Adam Smith (1723-1790) is known as the Father of Economics. In his book entitled The Wealth of Nations (1776) he defined the Law of Supply and Demand. In short form: Prices fall when demand exceeds supply. Now let's take Airbnb adding some (at time of writing) six million rooms into global inventory. Ask yourself, has tourism and business demand for rooms increased by this much in the past decade, noting full well that traditional room stock has also increased? The answer clearly is no. Demand has not increased sufficiently to absorb this new inventory. Therefore, following this economic theory, prices have fallen. I must therefore conclude that any factor that reduces our industry's prices is a foe.
Associate Professor at The Collins College of Hospitality Management
Airbnb adds a tremendous amount of room inventory to the market, mainly in the top tourist destinations. Regardless the fact that hosts on Airbnb gain some advantages over hoteliers as there are fewer compliances a host must follow, there occurs a loss of revenue for the hotel industry every time when a traveler stays in an Airbnb or any room-sharing facility instead of a hotel room. In a nutshell, hosts on Airbnb not only gain advantages over hoteliers in operations, but they also take away real business from hotels.
Yes, Airbnb and hotels are competing against each other in the same market. The question is: Can hotels gain something from the competition with Airbnb?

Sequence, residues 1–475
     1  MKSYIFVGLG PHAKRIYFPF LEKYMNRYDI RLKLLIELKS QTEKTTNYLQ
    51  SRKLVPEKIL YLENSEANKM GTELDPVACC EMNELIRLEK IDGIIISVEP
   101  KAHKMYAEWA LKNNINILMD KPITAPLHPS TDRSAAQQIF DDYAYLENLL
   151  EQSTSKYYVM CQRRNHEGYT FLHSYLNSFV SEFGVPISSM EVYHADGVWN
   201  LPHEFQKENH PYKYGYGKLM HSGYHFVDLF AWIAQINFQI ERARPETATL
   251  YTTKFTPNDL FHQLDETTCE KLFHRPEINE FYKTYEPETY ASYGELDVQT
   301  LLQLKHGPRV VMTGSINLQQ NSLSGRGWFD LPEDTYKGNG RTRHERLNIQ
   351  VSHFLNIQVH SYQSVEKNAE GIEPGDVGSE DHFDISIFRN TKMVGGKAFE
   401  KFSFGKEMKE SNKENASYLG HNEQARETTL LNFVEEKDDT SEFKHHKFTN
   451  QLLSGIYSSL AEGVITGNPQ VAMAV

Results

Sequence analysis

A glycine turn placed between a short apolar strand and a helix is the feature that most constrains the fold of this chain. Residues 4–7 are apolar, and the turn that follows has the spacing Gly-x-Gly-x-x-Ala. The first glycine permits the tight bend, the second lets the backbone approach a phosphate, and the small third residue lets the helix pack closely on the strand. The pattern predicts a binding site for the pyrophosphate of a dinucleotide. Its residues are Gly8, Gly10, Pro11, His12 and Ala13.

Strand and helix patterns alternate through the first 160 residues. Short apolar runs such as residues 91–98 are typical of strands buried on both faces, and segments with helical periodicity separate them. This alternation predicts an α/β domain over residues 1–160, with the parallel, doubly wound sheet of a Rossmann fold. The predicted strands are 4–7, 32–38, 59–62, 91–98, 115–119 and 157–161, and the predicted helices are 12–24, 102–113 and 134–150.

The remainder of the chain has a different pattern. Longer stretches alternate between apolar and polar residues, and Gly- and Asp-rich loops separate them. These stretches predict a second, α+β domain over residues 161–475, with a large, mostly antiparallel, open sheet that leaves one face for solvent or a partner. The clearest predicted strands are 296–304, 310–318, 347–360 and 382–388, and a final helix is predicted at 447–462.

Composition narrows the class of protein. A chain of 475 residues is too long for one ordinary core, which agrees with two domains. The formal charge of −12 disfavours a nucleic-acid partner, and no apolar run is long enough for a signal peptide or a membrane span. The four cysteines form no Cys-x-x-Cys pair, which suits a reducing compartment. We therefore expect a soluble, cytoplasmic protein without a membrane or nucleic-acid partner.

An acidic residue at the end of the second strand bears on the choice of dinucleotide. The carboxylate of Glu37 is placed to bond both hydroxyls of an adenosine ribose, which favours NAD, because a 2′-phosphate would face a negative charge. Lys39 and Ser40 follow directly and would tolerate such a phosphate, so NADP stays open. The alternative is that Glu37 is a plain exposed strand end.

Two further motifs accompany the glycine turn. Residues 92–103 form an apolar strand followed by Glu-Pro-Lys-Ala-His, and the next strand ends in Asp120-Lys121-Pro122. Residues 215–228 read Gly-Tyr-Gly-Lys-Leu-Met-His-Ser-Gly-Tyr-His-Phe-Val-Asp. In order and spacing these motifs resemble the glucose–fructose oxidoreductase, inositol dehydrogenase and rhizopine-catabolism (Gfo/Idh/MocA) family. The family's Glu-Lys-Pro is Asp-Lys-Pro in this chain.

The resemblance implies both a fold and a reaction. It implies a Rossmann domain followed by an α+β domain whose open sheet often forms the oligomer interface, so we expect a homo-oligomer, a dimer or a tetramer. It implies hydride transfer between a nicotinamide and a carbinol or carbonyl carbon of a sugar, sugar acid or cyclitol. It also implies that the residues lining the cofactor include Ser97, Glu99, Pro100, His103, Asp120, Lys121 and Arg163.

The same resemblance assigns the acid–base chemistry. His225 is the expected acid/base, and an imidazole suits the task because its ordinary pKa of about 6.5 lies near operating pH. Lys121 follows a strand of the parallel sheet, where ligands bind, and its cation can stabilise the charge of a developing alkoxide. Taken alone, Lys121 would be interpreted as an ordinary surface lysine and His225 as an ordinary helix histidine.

There is a possibility that Airbnb can help hotels increase revenue, depending on the relative pricing strategies the Airbnb listings have as compared to the hotels. More importantly, hotels are learning from Airbnb for product improvement and development. Inspired by the unique features of Airbnb, many hotel chains have introduced new brands to combat Airbnb. Moreover, some hotels chains were able to identify new business opportunities as they noticed there was no way hotels can stop the growth of Airbnb, not now and probably not in the future either. So, hotels themselves also enter the short-term residential rental market.
While both hotels and Airbnb want to win more market share, they are developing new products and inventing new services to stay competitive. Such competition can add more excitement to the market, especially if we can find ways to ensure a fair “game.” Travelers are probably liking such competition too. Having more options in the market to choose from is not a bad thing. Would you agree?
Director at Revenue by Design
Probably both. In many cases the local experience that Airbnb users seek simply can't be replicated by hotels. This is evidenced by many hotels trying to replicate that experience, even going to the extent of removing the word hotel from their name. Whilst hotels report a softening of demand in areas of high Airbnb penetration, assessments of share of demand indicate that Airbnb is tapping into an alternative type of customer. If anything, AirBnb has forced hotels to up their game and re-think what it means to be a hotel typically scoring high on areas such as location, guest services and amenities. A hotel can always go the extra mile to make the guest feel more comfortable and increasingly more secure – it's not always easy to call a taxi from the home of a stranger in a country that doesn't speak the same language as you. However, as the company diversifies into alternative accommodation verticals their influence on the sector will grow.